J. N. Darby.
(Notes and Comments Vol. 2.)
The question has been raised how far Christ gives up the glory and headship spoken of in Ephesians 1, drawn, as in 1 Corinthians 15 and Hebrews 2, from Psalm 8. He gives up the kingdom, that is certain, when He has subdued all principalities and power. His divine glory into which He has taken manhood is immutable, that is also clear. It is a question of His relative place, not His Person. We must, I think, distinguish between our relative place and conferred authority. This last Christ gives up. He is exalted now, but He has not yet taken to Him His great power and reigned, nor is He sitting on His throne yet, but on His Father's. He is become so much higher than the angels, having by inheritance a more excellent name than they - this is His place. Angels, principalities and powers being subject to Him - that is relative authority, though not yet the reign.
We have a place above angels, as united to Him, and as the fruit of redemption, and shall be made like unto Him. All this, I apprehend, continues - "Glory in the Church by Jesus Christ, world without end." It must be in Him.
I see in Ephesians two things - "Exalted him above every name," and "Put all things in subjection under his feet"; just as Adam was quite above the creatures, and besides had dominion over them, which was God's will, not a necessary consequence nor the same thing, only the second Adam has companions though He be anointed above them. This subjection of all things to His personal authority He will give up, not merely the kingdom looked at as a millennial reign, but the "all things" subjected to Him. He has not to put down angels and saints who delight in His glory, but those who oppose it and who are rebellious against God, and the fruit of creature-will and sin; but administrative authority is given up - not only Godhead of course, but, I suppose, personal exaltation remains. I do not mean merely personal preeminence as Son of God, for that too cannot be otherwise. It is not merely the "Son of Man is set," but "This is my beloved Son." But His relatively taken place remains.
Once made a little lower than the angels, He has now passed through the heavens, not merely angels, principalities and powers being made subject to Him, for that is given superiority as Messiah and Son of Man, but, as to the exercise of authority, He gives it up and is subject; but He does not cease, as to His place taken as Man, to be superior to the angels, even when there is no question of His throne, for that is conferred rule - is given up, as we know from Corinthians, and He takes as Man the place of subjection, the perfect personal place - for rule is not. That refers to what is below us, here even to what has to be subjected - "Head over all things," in this sense, is given up. But the raised Son never ceases to be the Centre of the whole company of heaven, and the saints with Him, "the firstborn among many brethren," "the only begotten." As God He of course possesses all things with the Father, but, as to His place as Man, He is not only the Head of all principalities and powers, but far above all principality and power, and by the necessity of His Person and title always will be - it is His place, when righteousness dwells, when it no longer reigns; He is always "Firstborn," when He no longer reigns in His conferred dominion. Though in another sense we shall reign for ever and ever.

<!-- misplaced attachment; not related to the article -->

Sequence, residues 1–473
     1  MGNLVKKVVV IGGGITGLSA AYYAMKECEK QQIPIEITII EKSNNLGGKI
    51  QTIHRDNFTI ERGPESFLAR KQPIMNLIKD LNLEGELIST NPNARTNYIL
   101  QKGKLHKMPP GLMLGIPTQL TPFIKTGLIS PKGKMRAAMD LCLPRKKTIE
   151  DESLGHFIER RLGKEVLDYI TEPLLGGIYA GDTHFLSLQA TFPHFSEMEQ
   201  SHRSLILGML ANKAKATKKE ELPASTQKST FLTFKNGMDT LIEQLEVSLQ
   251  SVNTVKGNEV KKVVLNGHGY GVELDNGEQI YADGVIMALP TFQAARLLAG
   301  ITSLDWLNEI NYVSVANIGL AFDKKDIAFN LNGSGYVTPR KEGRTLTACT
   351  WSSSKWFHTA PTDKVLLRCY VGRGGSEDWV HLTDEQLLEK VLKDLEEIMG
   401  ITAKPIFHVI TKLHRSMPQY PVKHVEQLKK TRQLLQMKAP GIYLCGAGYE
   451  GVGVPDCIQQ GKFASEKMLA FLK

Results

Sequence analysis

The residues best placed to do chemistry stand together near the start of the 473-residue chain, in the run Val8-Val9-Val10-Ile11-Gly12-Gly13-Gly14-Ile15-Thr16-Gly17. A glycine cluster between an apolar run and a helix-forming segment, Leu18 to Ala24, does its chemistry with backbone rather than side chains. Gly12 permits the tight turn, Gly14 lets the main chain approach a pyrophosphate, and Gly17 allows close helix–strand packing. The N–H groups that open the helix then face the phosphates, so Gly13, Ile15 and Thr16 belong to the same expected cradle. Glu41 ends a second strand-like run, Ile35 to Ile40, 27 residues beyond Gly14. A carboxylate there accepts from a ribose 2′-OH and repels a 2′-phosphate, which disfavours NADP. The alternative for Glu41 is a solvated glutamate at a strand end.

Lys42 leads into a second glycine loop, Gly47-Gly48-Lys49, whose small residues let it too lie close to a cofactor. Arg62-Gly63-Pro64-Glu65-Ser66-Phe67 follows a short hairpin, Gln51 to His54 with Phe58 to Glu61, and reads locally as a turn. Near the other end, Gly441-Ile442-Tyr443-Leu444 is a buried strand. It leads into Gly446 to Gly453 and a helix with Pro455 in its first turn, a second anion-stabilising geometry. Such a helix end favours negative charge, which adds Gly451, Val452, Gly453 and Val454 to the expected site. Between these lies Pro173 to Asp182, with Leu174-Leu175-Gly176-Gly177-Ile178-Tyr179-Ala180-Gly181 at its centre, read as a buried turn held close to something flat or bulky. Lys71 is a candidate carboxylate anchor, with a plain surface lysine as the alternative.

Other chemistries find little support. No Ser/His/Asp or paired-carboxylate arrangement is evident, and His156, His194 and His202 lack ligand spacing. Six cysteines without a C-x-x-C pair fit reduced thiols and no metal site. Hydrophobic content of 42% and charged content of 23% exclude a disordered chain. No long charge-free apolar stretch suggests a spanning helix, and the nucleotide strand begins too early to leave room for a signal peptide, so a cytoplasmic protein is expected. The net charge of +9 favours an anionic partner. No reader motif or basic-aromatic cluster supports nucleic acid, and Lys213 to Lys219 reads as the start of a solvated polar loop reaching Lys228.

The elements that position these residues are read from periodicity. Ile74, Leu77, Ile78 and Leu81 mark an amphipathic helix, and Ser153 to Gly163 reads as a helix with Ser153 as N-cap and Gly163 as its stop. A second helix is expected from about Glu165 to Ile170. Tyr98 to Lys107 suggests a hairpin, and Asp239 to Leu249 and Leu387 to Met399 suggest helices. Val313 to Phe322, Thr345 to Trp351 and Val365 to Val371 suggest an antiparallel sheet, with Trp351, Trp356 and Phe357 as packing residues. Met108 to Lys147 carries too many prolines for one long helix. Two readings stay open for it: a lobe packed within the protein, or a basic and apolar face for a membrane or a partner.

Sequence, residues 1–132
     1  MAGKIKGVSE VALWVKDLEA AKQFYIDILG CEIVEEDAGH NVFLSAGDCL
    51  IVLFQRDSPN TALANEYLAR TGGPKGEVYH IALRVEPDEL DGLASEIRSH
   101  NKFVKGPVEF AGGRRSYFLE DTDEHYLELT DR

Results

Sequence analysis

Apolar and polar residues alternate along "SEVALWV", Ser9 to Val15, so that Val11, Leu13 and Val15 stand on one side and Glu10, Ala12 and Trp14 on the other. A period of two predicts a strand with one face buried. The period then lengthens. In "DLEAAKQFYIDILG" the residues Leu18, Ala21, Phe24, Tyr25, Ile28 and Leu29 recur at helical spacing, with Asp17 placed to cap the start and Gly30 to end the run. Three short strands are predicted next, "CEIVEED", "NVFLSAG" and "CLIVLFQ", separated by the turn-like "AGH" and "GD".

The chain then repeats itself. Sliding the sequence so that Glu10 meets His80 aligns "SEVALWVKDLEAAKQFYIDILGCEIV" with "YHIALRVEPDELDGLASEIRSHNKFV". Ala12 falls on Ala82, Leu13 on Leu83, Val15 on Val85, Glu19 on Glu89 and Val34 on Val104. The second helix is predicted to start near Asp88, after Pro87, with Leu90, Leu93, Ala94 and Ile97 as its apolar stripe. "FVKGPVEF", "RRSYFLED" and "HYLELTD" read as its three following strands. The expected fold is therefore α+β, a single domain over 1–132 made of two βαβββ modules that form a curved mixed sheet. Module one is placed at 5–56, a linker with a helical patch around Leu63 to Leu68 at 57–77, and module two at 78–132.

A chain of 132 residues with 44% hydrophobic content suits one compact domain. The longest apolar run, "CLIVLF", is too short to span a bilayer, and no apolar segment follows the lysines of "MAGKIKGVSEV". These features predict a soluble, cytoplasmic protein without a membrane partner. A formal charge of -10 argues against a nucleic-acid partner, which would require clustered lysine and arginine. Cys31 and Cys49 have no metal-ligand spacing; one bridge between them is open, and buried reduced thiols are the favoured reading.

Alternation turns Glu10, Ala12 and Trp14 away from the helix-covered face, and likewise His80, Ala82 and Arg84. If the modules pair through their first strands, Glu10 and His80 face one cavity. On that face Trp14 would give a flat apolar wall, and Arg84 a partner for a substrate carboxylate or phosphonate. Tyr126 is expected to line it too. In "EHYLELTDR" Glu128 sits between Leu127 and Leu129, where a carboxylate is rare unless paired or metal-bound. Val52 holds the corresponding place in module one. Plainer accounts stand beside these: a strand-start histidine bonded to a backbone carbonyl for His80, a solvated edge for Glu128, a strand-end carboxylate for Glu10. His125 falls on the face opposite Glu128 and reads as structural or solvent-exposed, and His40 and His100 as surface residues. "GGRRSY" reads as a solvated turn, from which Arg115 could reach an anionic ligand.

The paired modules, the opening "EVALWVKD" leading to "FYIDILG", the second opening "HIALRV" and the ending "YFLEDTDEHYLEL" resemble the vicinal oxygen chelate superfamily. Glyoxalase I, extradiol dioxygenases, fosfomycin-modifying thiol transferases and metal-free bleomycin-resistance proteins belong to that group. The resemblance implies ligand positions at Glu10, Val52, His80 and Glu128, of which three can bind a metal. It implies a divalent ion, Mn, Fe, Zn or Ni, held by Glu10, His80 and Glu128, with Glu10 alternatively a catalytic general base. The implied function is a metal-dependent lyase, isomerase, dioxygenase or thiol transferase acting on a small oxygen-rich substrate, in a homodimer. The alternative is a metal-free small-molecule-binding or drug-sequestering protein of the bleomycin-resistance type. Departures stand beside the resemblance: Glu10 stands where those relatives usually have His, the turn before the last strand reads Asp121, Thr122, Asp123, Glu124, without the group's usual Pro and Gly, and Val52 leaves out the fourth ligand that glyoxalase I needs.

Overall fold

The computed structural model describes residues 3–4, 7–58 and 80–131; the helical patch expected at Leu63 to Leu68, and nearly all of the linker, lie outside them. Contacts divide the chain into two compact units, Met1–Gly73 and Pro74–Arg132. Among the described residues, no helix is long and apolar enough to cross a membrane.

318 This subject occurred to me again, and I looked over what I had written above. It is substantially right, and clearer than I had any thought of when I wrote it. One point seems to call perhaps for correction, for its substance came to me as a new idea. That is that "put all things under his feet" (Psalm 8) in Ephesians 1 is taken as the same as "gave him to be Head over all things to the Church." Now I suppose they must be considered as distinct. Putting all things under His feet includes at any rate an acquired dominion which He has not yet, and which He will give up. In 1 Corinthians 15 He is contemplating hostile, or at least unsubdued power - power which is not of and which does not own Him. Hence He reigns, when God puts them under Him, till all His enemies are made His footstool. But all things are not yet put under Him, as we see in Hebrews, and He is on His Father's throne, not His own. But He is personally exalted far above all principalities and powers. These - "And hath put all things under his feet," "And gave him to be Head over all things to the Church which is his body" - are two distinct things. Death is put under Him when the time comes, and it is the last enemy He destroys, but He is not over it as over that which was created by Him and for Him, and which the Fulness will reconcile by Him to itself. Only in Colossians it was the Fulness - in Ephesians the Man is exalted to God's right hand, and given to be Head over all. But the putting "in subjection under His feet," and being "Head over all things to" are distinct things. It is clear that the exaltation above every name is a distinct thing, for that is so now, but I think the putting all things under His feet, and giving Him to be Head over all things are so too.
319 Popish unity attaches Christ to unity, and hence may and does legalise with His name every corruption and evil; Christian unity attaches unity to Christ, and therefore gives it all the character of grace and truth that is in Him - gives it all His excellence.
END OF VOLUME 2